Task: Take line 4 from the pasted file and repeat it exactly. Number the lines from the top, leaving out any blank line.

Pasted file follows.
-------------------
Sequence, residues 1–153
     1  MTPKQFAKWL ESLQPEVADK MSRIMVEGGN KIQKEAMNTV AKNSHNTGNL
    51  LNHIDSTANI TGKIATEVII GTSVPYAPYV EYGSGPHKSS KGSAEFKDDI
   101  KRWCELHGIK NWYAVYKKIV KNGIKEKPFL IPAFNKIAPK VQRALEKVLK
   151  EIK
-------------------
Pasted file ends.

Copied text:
   101  KRWCELHGIK NWYAVYKKIV KNGIKEKPFL IPAFNKIAPK VQRALEKVLK